Finding the right settings of indices is a relentless process of monitoring and experimenting. I want to share key methods of detecting scalability problems of Elasticsearch using metrics and automation.

We use Elasticsearch for ranking product listings and full-text search for products, forum posts and user messages. Most complex queries include scoring functions, various filters and weight boosters. Before Elasticsearch we have used Sphinx, but due to demand for more dynamic querying logic we migrated to ES 1.7.x, now 5.4.0.

The production cluster consists of 21 nodes: 3 masters, 3 coordinating (client) and 15 data nodes (all of them are ingest nodes as well). Hardware configuration is the same for all data nodes. Only data nodes run on physical servers. The cluster serves 10 countries, has 397 million documents, occupies about 0.93TB of size on disk.

On indices level, we have 46 indices, 635 shards of which 212 are primary.

Noticing ineffective resource usage

I will approach Elasticsearch from the most basic hardware resources CPU & RAM. Elasticsearch has a limit of total memory it can use it is ~32GB (heap-sizing). Spare memory is used for OS cache and Lucene in-memory data structures. If a single node has indices that add up to the size bigger than 32GB, then GC collections occur more often. Or young generation is garbage collected before it is moved to old. In our case, the latter occurred - it is visible from the following graphs.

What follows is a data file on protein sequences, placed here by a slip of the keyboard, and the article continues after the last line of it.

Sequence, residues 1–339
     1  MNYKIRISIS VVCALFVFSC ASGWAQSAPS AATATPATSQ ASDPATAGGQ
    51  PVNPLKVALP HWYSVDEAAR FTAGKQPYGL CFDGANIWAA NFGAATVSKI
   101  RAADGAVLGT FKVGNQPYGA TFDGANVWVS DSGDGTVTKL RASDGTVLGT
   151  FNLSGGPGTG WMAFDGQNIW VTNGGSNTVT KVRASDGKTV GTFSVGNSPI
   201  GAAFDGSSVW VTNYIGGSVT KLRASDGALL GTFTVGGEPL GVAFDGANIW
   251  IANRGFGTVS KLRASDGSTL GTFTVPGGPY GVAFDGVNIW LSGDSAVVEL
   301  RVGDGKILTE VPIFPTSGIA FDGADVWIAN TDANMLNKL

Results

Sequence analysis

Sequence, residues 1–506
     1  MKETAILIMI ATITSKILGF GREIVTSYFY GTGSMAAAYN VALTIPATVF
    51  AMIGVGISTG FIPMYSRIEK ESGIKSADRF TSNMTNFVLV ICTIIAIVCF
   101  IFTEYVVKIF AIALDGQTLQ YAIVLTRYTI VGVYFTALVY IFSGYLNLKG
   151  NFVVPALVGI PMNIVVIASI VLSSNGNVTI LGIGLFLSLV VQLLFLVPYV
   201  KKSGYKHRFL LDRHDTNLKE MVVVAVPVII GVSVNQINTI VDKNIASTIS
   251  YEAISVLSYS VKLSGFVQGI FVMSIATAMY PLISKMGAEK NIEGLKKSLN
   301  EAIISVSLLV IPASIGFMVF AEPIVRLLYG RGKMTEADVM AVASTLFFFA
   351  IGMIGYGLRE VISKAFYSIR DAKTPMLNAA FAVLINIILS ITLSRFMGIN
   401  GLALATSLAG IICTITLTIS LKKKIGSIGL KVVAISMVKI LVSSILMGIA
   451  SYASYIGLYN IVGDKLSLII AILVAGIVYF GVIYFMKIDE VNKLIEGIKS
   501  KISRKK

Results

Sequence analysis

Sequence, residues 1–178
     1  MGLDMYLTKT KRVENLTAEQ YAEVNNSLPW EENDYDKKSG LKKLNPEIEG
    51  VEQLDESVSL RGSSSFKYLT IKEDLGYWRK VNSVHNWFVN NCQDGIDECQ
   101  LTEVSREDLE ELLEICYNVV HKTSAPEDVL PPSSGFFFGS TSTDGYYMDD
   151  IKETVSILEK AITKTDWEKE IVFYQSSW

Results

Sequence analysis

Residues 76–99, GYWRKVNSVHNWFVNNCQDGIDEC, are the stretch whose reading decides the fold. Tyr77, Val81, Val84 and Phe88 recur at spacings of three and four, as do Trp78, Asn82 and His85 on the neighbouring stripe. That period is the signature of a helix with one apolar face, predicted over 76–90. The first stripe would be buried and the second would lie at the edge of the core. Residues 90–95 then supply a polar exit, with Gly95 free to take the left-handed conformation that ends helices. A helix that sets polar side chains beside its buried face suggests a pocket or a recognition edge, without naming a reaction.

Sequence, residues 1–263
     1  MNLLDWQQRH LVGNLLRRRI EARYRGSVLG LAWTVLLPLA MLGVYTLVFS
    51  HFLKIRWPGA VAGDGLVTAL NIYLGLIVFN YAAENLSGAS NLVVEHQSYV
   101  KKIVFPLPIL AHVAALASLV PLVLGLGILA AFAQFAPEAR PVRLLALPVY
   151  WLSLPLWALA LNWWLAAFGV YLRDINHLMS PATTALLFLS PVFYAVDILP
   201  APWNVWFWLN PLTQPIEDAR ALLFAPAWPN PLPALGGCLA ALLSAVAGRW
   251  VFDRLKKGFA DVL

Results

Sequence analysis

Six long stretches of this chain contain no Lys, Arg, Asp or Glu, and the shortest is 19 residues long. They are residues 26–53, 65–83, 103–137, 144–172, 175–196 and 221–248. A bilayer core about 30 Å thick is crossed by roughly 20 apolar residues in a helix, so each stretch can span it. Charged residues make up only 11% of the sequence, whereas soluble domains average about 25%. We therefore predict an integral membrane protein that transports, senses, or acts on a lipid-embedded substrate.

Elasticsearch GC Young/Old

The red thick line is an average of the young generation, points above are top 5 average nodes. In our case, this means that those nodes have more shards allocated to them. The following sections elaborates on this more.

Elasticsearch CPU usage

The same pattern can be seen from CPU usage graphs.

Checking shards distribution

Elasticsearch provides /_cat/indices API to view indice settings.

green open large-index_20170523104530 Yq5viGdtRTWXsBeTIUT8HA 5 2 20009347 xxxxxxxx  67.6gb 22.5gb
green open large-index_20160719210848 Y3EWgkNiRKOPodeWEuDWyg 3 9 20004745 xxxxxxxx 274.8gb 27.6gb

From the above example, it can be seen that there are two versions of the same indice (note indices without timestamp - large-index_ indicates that it is the same index), the core difference is in shards and replication count settings.

For shorter notation large-index_20170523104530 indice will be 2017 and large-index_20160719210848 2016 respectively.

2017 indice has 5 shards and replication count 2 where 2016 has 3 shards and 9 as a replication count.

To find out how shards are distributed we can consult Elasticsearch provided /_cat/shards API.